Sometimes, especially in corporate networks, you may find yourself in a situation where you receive multiple DHCP offers for different subnets from one or more DHCP servers. The worst case I experienced included different firewall rules depending on which DHCP subnet you were issued, making network connectivity like a lottery!
Unfortunately there is no way to tell the Windows DHCP Client to select specific DHCP offers in preference to others. You can add firewall filters but that only works if the DHCP offers are received from entirely different DHCP servers and does not work for everybody. So I wrote this script to check the current lease subnet and go into a release and renew loop until a DHCP lease on the desired subnet is achieved:
“Get Specific DHCP Subnet.cmd”
@echo off rem *** Parameters rem Could pass as arguments but we want to double-click this rem as an icon with fixed parameters for a known subnet. setlocal set AdapterName=Local Area Connection set RequiredSubnet=10.20.30. rem *** Get current lease information ipconfig /all >"%~dp0DHCP Lease.txt" rem *** Loop until correct subnet is provided... :loop type "DHCP Lease.txt" find /c "%RequiredSubnet%" "%~dp0DHCP Lease.txt" if %errorlevel% == 0 goto found echo *** Wrong subnet or no lease. echo *** Trying again to get lease on subnet "%RequiredSubnet%"... ipconfig /release "%AdapterName%" >NUL ipconfig /renew "%AdapterName%" >"%~dp0DHCP Lease.txt" goto loop: rem ** Exit successfully when found :found echo *** DHCP lease on subnet "%RequiredSubnet%" obtained! endlocal exit /b 0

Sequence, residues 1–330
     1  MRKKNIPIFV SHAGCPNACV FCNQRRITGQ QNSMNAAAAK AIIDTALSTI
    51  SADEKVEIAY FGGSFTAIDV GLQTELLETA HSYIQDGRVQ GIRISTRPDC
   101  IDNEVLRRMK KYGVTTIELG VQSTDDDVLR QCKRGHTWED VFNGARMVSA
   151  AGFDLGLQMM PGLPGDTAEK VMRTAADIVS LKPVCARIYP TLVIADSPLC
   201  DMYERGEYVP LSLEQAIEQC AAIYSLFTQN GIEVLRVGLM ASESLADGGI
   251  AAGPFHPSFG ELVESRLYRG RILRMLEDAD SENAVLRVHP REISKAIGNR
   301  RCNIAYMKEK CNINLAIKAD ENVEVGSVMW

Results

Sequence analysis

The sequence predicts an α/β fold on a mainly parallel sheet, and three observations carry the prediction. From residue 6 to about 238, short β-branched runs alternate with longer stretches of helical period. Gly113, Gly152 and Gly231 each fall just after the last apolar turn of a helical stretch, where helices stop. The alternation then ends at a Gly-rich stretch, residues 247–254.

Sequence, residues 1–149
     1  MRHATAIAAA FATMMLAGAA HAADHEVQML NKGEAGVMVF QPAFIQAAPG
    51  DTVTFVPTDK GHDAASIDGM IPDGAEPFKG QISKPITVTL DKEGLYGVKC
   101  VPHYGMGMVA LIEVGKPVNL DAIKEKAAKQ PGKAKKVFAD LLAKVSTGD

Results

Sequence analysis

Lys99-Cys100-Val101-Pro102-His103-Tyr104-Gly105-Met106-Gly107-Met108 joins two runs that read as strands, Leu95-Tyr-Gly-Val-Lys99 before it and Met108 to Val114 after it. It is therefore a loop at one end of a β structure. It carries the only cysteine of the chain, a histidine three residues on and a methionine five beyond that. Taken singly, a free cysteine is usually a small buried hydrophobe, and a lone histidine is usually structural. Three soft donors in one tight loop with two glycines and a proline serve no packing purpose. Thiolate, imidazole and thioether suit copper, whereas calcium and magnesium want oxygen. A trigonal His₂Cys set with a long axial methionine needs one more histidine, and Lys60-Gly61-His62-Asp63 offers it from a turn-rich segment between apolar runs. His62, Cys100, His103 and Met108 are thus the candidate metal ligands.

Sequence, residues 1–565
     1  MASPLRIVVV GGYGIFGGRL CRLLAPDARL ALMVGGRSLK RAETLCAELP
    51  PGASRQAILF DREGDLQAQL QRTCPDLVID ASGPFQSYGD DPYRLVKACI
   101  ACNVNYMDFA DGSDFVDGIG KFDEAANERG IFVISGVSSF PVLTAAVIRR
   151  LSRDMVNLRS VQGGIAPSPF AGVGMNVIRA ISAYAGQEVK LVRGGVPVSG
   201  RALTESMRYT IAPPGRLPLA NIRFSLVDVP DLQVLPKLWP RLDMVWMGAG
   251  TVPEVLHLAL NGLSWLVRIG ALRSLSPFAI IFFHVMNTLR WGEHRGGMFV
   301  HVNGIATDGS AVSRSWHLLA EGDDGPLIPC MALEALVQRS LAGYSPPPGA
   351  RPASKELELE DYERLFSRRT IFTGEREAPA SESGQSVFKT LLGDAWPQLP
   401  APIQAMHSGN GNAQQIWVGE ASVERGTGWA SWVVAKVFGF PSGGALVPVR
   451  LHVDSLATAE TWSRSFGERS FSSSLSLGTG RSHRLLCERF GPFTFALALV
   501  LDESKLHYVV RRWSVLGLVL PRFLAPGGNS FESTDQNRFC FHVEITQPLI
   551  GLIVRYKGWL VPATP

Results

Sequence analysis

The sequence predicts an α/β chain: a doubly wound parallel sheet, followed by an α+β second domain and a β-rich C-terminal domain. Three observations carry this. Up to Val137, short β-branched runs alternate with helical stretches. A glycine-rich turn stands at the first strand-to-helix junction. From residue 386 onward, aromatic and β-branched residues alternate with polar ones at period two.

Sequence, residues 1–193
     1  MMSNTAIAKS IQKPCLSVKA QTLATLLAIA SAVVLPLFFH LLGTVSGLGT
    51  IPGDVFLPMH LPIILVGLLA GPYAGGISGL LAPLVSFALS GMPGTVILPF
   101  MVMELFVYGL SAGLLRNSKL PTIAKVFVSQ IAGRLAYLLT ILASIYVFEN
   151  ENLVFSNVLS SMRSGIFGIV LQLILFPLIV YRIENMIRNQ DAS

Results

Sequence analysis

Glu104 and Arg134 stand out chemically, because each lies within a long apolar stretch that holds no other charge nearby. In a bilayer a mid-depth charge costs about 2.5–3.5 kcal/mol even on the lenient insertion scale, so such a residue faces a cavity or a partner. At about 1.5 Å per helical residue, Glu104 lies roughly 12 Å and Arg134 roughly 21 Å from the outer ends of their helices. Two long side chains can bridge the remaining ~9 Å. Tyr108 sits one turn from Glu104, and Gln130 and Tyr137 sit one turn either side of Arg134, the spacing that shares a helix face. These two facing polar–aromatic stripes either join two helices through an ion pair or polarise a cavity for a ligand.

To use this you need to know the name of the network adapter on your machine and the first part of the subnet you want (usually the first three parts of the 4 part dotted IP address, e.g. “1.2.3.” from “126.96.36.199”). You could leave this blank to release all network adapters, but that just causes a delay and could interrupt other valid connections on a machine with multiple network adapters. It’s best to give your adapters a name which is easy to remember, so go to the control panel, network and sharing center, adapter settings, select the adapter then hit F2 (or right click then choose “Rename”) then type a good name, e.g. “Company”.
Once you have set the parameters correctly in the script, you can just double-click it from Windows Explorer when you need it. Note the use of the “%~dp0” path prefixes and “” quotes throughout to ensure this script works from any location and with spaces in the path or connection name.
The script also creates a temporary file called “DHCP Lease.txt” in the same directory as the script, which is useful for reference too. You may want to alter this script in two ways. First some people may want to change the script so the parameters are passed as command line arguments (but then it doesn’t work so easily from the desktop) and delete the temporary file or store it in a different place like “%TEMP%”.